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Based on a Precipice

It’s funny, even though I write numerous blogs for others, when it comes to my own, I am often at a loss for topics. I don’t want to bore my wonderful readers with the prosaic details of my daily existence, and when I get a stroke of creativity, I (lately) funnel that energy into writing poetry which I then proudly disseminate on Prose and Twitter.

I did compose an entry a few nights ago about reality TV show cliffhangers (bear with me), and while I thought I had hit the “publish” button, alas, it was nowhere to be found. Gone for all eternity in the blogosphere of lost entries (kind of like Rudolph’s Island of Misfit Toys). Of course, I failed to compose my mini-masterpiece in MS Word so I could periodically save it, so, well, yeah.

I basically discussed how the America’s Got Talent episode aired earlier this week ended with a cliffhanger, with the announcer promising, “an act so [insert superlative] you won’t want to miss it!” I then provided the definition of the word “cliffhanger” which, thanks to Dictionary.com, is:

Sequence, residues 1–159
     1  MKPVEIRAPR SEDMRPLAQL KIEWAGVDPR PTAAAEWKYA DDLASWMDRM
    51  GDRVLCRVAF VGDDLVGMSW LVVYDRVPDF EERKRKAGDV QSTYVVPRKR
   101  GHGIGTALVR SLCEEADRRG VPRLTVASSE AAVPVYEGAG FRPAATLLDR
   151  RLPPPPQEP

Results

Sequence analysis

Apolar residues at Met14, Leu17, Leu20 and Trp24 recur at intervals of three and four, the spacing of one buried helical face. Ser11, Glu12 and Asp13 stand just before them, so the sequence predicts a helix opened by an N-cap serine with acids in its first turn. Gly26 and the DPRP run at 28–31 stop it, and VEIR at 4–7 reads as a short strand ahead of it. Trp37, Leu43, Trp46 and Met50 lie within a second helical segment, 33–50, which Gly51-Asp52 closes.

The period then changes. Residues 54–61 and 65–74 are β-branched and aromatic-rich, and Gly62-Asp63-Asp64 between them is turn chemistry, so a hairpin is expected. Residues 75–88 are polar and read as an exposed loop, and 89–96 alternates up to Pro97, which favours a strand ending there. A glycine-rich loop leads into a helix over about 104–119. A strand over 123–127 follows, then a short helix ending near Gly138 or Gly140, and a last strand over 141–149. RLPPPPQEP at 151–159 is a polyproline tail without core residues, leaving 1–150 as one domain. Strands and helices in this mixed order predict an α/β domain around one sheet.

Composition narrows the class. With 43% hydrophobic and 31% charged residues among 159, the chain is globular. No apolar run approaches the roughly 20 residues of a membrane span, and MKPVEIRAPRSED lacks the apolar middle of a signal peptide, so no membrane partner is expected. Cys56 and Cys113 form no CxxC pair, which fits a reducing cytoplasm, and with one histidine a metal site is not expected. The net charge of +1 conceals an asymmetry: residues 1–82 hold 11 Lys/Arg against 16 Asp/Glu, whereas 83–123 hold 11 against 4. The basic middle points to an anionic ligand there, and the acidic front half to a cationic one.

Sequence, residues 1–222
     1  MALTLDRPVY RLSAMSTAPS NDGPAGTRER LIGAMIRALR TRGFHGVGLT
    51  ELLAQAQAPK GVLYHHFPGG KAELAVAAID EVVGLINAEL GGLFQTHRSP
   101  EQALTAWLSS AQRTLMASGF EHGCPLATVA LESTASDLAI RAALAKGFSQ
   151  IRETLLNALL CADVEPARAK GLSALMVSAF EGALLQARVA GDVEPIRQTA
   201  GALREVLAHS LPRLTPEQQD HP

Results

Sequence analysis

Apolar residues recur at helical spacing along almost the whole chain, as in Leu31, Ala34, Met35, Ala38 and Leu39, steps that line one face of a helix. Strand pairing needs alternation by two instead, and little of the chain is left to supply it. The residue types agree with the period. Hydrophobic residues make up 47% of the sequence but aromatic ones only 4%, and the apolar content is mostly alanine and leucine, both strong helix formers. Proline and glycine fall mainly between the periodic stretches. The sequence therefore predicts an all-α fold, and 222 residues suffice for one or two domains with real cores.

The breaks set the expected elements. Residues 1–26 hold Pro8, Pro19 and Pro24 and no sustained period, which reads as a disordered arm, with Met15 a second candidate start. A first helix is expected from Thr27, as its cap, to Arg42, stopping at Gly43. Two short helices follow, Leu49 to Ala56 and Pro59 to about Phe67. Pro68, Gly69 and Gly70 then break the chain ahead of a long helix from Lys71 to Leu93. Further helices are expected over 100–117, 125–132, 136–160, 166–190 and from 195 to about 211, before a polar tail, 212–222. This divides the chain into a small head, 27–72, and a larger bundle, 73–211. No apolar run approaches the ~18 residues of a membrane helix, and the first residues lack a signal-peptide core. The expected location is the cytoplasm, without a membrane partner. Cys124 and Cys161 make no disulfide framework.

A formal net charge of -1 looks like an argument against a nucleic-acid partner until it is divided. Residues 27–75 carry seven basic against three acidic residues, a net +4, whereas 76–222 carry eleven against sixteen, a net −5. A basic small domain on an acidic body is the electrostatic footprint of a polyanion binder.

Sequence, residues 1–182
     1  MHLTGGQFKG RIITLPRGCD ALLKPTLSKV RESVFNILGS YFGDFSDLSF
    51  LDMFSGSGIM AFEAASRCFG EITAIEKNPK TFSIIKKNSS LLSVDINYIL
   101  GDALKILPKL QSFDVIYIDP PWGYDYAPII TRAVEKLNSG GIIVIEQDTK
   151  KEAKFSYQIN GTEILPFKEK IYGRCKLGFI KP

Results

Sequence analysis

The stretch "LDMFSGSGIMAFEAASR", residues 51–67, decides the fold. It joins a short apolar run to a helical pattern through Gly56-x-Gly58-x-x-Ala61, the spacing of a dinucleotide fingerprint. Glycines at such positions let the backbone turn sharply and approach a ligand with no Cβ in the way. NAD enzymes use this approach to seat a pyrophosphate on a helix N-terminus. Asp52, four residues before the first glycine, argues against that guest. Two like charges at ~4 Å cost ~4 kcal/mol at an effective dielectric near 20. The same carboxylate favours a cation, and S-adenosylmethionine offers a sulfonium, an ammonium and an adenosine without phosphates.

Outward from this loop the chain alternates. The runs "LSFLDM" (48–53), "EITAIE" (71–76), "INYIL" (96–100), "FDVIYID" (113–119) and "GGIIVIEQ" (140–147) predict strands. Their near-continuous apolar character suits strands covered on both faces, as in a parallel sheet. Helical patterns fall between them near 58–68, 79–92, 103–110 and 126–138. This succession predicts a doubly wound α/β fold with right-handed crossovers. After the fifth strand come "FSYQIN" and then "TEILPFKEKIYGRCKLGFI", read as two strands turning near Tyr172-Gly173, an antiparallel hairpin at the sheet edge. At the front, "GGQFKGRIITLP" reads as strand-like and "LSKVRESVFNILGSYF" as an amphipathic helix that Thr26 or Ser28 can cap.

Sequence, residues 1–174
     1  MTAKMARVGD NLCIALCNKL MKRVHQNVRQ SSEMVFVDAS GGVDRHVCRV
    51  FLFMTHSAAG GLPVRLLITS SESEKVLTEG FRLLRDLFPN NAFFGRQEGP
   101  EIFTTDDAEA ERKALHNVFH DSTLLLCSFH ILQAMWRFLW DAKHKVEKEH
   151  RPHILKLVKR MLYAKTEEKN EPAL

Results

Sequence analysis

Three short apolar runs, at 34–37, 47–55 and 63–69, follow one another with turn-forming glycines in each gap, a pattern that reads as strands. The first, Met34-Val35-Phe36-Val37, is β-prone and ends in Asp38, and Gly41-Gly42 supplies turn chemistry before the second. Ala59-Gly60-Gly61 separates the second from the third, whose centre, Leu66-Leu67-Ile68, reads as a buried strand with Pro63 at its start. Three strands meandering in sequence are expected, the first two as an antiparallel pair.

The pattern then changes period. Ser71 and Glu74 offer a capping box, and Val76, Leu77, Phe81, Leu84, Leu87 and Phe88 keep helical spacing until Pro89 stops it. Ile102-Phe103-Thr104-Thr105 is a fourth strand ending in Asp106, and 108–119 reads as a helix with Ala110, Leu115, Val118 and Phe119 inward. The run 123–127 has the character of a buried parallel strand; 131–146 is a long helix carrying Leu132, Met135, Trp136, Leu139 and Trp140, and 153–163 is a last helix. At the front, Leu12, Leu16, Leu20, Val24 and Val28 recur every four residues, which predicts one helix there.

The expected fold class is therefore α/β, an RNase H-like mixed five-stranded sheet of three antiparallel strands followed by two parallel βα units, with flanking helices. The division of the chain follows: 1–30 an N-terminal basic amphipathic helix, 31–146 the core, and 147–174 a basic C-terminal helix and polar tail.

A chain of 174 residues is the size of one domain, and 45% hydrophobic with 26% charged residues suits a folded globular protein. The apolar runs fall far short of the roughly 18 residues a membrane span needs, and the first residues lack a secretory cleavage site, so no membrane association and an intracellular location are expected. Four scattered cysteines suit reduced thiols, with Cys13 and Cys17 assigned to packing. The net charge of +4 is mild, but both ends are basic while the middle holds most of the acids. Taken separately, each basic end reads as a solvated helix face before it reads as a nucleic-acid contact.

melodramatic adventure serial in which each installment ends in suspense in order to interest the reader or viewer in the next installment.

I explained how competition reality shows like the Got Talent franchises are, indeed, melodramatic thanks to certain judges’ paucity of people skills, the highly coveted golden buzzer, and some truly horrendous auditions by misguided contestants who apparently do not understand what “talent” means. These shows are also adventurous with acts such as the Russian Bar Trio (seriously, watch them!), tightrope walkers, sword swallowers, and the 57-year old daredevil hand balancer the Amazing Sladek. And finally, these programs are, in fact, serials as they continue from one week to the next.

Thus, I justified that a cliffhanger can, and did, in fact, exist after the last episode and how I can’t wait until Tuesday night!

I also made mention of the atrocious 1993 Stallone film Cliffhanger that was—and I have never forgotten this—based on a premise (by John Long).

 

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